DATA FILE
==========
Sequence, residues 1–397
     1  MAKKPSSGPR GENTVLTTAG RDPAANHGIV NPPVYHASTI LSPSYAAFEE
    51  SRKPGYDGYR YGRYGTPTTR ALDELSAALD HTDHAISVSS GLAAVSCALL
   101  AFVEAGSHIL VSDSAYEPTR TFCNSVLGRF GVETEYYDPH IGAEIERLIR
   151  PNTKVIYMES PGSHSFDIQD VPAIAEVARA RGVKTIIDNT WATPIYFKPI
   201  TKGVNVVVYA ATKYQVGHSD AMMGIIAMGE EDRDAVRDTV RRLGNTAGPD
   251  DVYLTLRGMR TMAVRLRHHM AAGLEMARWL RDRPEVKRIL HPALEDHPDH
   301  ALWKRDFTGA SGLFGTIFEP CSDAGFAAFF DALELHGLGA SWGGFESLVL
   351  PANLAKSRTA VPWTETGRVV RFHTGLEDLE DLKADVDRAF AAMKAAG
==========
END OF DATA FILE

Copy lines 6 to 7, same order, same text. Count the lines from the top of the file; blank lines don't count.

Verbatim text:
   201  TKGVNVVVYA ATKYQVGHSD AMMGIIAMGE EDRDAVRDTV RRLGNTAGPD
   251  DVYLTLRGMR TMAVRLRHHM AAGLEMARWL RDRPEVKRIL HPALEDHPDH